The targeted objectives of the program include real-time performance management, automation of repetitive processes and performance visualization, standardization of processes and procedures across employees, shifts, lines and bakeries, and sensor-based quality checks to improve consistency and reduce time to react to changes.

“We also believe there will be a benefit to utilization of our network capacity as these new toolsets will allow us to optimize the product mix at each of our bakeries,” Mr. McMullian said. “Our vision is to deliver best-in-class bakery performance and employee engagement through the application of industry-leading digital manufacturing tools.”

Even more upbeat on bread sales trends was Daniel Servitje, chairman and CEO of Grupo Bimbo SAB de CV. He called North American sales in the second quarter ended June 30 “very strong” relative to pre-pandemic levels The company’s 52-week unit sales in the period ended July 2021 were down 1.6%, after rising 4.7% in the period ended July 2020.

“The strength was driven by consumer demand, increased household penetration and the investments we have made and continue to make in our main brands,” Mr. Servitje said. “The private label run rate has remained soft, while foodservice is beginning to rebound as schools and restaurants manage reopenings.”

To protect profit margins, Fred Penny, president of Bimbo Bakeries USA, has been “very proactive” in addressing rising ingredient costs.

“We have been able to address them in the different markets through different levers,” he said. “One, obviously, is pricing. And another lever is trade optimization or revenue growth management. And finally, in some cases also, we have complemented that with productivity initiatives.”

He said the company would raise prices during the third quarter of 2021.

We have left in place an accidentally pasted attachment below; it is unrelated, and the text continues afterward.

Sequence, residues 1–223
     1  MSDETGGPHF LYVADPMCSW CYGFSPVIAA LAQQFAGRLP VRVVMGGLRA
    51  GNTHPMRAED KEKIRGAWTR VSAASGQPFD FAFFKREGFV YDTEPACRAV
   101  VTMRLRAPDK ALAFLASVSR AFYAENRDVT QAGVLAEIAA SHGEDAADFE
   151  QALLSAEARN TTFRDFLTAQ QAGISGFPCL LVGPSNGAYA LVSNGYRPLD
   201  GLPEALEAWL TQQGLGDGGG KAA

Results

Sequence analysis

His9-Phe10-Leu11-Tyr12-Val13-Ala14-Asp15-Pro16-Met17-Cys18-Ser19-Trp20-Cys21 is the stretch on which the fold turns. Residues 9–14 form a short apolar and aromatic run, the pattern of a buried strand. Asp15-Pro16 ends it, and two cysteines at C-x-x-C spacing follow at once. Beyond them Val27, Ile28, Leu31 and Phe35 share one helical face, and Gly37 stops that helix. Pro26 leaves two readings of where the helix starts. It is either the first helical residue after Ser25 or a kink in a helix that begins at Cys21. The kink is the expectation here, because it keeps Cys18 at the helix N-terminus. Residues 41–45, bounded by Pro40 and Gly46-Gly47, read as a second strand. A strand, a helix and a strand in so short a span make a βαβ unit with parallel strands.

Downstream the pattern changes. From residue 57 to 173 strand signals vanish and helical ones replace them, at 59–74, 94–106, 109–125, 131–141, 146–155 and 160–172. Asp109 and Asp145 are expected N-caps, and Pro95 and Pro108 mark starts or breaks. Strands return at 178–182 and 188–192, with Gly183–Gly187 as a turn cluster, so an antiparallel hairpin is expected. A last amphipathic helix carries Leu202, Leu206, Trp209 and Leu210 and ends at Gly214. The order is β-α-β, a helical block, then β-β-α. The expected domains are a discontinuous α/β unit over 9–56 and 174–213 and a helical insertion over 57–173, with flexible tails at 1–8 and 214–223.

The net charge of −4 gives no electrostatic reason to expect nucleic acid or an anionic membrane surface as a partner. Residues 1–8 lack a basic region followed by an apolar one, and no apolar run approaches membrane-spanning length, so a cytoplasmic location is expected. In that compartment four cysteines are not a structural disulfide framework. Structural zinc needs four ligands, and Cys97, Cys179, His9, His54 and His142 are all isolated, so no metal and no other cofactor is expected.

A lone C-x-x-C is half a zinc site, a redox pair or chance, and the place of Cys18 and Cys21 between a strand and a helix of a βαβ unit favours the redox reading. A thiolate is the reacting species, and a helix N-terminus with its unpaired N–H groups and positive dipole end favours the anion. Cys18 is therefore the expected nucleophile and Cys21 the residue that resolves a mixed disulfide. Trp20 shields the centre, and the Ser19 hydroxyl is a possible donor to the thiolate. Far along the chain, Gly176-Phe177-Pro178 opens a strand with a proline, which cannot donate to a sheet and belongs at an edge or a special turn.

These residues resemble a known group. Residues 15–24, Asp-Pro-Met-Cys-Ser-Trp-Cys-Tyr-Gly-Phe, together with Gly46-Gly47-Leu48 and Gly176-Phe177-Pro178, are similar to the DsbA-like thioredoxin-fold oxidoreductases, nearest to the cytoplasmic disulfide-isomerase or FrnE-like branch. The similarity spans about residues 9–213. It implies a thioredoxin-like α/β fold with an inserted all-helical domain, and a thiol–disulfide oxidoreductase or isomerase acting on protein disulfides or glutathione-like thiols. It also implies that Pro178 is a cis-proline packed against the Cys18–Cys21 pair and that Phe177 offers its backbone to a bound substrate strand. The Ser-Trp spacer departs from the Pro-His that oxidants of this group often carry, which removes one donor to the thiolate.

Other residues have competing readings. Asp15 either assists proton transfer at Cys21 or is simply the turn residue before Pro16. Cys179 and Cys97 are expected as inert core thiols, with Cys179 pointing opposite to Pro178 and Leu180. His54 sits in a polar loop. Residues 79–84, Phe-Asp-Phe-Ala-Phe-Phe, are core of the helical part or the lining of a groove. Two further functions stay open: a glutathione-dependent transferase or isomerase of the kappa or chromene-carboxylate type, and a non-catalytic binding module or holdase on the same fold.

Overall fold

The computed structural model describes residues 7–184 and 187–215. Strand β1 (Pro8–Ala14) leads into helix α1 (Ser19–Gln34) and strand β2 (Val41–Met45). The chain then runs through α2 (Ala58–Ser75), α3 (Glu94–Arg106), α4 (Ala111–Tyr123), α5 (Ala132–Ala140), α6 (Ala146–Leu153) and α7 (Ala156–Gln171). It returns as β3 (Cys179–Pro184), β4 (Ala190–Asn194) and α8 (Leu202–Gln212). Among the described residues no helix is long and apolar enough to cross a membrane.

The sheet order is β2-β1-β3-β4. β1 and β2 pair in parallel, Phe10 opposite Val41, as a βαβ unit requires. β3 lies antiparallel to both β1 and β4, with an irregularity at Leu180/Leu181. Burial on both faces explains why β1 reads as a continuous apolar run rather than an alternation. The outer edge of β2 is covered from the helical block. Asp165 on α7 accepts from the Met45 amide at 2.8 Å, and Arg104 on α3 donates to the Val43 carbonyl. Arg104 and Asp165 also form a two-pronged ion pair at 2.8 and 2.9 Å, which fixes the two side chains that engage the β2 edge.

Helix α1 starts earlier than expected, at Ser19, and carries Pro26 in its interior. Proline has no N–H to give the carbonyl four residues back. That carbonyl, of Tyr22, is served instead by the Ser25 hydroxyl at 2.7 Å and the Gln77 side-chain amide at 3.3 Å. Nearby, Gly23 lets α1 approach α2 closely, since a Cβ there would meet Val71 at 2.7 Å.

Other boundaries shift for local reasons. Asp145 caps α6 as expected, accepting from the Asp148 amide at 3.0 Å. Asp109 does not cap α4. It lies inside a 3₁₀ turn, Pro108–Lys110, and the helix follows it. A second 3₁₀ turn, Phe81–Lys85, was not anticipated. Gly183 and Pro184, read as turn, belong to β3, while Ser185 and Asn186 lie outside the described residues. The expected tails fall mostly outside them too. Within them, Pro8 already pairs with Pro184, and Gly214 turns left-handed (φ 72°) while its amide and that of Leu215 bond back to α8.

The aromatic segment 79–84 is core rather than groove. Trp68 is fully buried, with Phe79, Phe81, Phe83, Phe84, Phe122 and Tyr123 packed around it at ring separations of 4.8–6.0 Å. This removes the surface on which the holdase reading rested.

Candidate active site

“We don’t know where the inflation is going to head,” Mr. Penny added.

Like Mr. Servitje, he was upbeat on the company’s sales trends.

“As we’ve gotten into the back half of 2021, we’ve seen fairly impressive run rates to a year ago, frankly surprising to me that we would have been able to run positive to a year ago,” he said.

He said volume was slightly higher than a year earlier which, “given the huge demand of a year ago,” should be viewed as a major plus.

Like Flowers, the company’s strong position in the premium brand segment has been a plus for margins, as has been the results of capital investments aimed at lowering the company’s cost base, Mr. Penny said.

A completely different take on the baking business was reflected in the actions during the year of George Weston Ltd., Toronto. Still impending is the sale of Weston Foods, the company’s baking subsidiary. In March, Weston announced plants to exit the business. At the time of the announcement, Galen G. Weston, chairman and CEO, pointed out that baking was “part of our family and our group of companies” for nearly 140 years.

The company bakes packaged fresh bread and rolls as well as frozen and artisan bread and rolls, cakes, donuts, pies, cookies, crackers, wafers and alternatives throughout Canada and the United States. The company produces private label products and many well-known brands, including Wonder, Ace Bakery, Country Harvest, D’Italiano, Casa Mendosa, Dave’s Killer Bread and Gadoua. The company has more than 5,000 employees and operates 40 baking plants and other facilities in Canada and the United States.

In connection with the announcement the business would be sold, Richard Dufresne, president and chief financial officer of George Weston, said the Weston Foods’ unit had remained profitable during the COVID pandemic, despite negative sales pressure. The business ended 2020 with sales of $2.1 billion and EBITDA of $200 million, which represents a 9.7% margin, he said.

In the United States, the company invested more than $30 million in 2017 in an expansion of an Ace Bakery facility in South Carolina, where the company bakes baguettes and other artisan products. A few years earlier, Weston expanded its bread footprint in the United States with the acquisition of a niche player — Chicago-based Rubschlager Baking Corp., which bakes a range of rye bread varieties and products for the North American market.